Some papers describe transformation of "traditional" programs to online modes in terms of the level of student and staff satisfaction with the online learning environment. Farrell and McGrath (2001), Albury (2001) and Talay-Ongan and Gosper (1999) describe the conversion of face-to-face programs to either fully online programs or programs heavily supported by online materials and activities (mixed mode programs). Farrell and McGrath and Talay-Ongan and Gosper note increased student satisfaction with the flexibility afforded by the online environment. Feedback from the Farrell and McGrath study of the conversion of a Bachelor of Nursing program to online delivery indicated students needed more preparation for online learning.
Students also experienced a lack of motivation to study and computer frustrations. While staff were encouraged to attend professional development courses, some had difficulty adapting to new technologies.
Overall, students recommended that traditional methods of teaching be combined with online learning. Talay-Ongan and Gosper also compared academic results for students studying in internal mode with those studying online and found parity between these two cohorts of students.

It has been noted that student cohort characteristics need to be known and taken into account when planning the use of technologies. Peat, Franklin, Lewis and Sims (2000) describe the establishment of a virtual learning environment at the University of Sydney to provide educational resources within a single first year biology course attended by students from a variety of degree programs. Evaluation focused on the students? use of the overall teaching and learning process, rather than the effectiveness of individual resources. Seventy-five percent of students made some use of the environment by the end of the course, although results for the different features varied. Staff reported that they needed to be more informed of student cohort characteristics, and have more realistic expectations of students? use of the educational technology resources.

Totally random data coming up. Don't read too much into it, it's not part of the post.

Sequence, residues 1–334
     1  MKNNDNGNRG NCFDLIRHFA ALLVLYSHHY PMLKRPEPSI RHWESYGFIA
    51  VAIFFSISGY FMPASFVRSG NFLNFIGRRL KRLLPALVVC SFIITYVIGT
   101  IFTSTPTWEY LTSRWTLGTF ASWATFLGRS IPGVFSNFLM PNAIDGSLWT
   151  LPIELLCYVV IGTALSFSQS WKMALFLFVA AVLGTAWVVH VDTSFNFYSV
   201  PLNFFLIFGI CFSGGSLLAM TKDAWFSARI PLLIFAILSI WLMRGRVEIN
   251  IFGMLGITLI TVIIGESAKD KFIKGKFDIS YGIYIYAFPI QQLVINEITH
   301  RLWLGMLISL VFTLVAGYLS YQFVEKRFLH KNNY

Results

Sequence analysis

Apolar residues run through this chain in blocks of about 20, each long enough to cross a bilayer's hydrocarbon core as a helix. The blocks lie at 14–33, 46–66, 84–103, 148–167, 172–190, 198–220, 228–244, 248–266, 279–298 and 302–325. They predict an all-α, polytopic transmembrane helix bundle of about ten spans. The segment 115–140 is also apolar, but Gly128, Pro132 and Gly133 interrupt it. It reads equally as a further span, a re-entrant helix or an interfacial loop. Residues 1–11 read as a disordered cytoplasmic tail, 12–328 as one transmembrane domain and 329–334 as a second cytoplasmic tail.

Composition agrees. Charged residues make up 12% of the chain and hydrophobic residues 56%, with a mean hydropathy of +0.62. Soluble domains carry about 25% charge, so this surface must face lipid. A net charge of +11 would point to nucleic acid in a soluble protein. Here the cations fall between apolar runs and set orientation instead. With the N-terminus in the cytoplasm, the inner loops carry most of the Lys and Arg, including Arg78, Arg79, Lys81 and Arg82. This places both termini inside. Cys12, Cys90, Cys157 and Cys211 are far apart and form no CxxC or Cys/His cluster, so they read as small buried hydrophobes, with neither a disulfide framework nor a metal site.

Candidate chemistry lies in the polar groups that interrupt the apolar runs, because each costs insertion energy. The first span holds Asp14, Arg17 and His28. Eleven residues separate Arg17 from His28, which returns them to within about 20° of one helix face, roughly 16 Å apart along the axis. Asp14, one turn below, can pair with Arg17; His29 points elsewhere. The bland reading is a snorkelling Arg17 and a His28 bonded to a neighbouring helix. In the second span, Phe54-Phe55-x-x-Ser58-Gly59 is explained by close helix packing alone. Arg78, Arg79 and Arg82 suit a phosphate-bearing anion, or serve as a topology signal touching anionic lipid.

The authors concluded there were some students who embraced educational multimedia and information and communications technologies and others (approximately 15-20 percent of the cohort) who did not. They also concluded that more support for the latter group may be required, as well as sufficient room for traditional offerings.

Albury (2001) focused on the role of the academic leader in supporting changes to a whole program delivery method. This paper describes the whole-of-program approach to offering a Bachelor of Arts degree in flexible learning mode. The project involved a small regional university, funded by the Federal Government to improve access to higher eduction in rural areas. Notable changes to staff culture were: an increasing need for interdisciplinary approaches; and the extension of staff technical and curricula design skills.

Howard (2001) describes the University of Virginia?s development and implementation of its own course management tool to deliver course information to students. The tool was used mainly for distributing online documents and enabling computer-mediated communications and computer-based assessment. When student satisfaction was measured, the software was found to be "exceptionally popular". Staff were described as finding the tool flexible and manageable, perhaps due to the fact that it did not require large amounts of technical expertise to use.

On this site

Go to top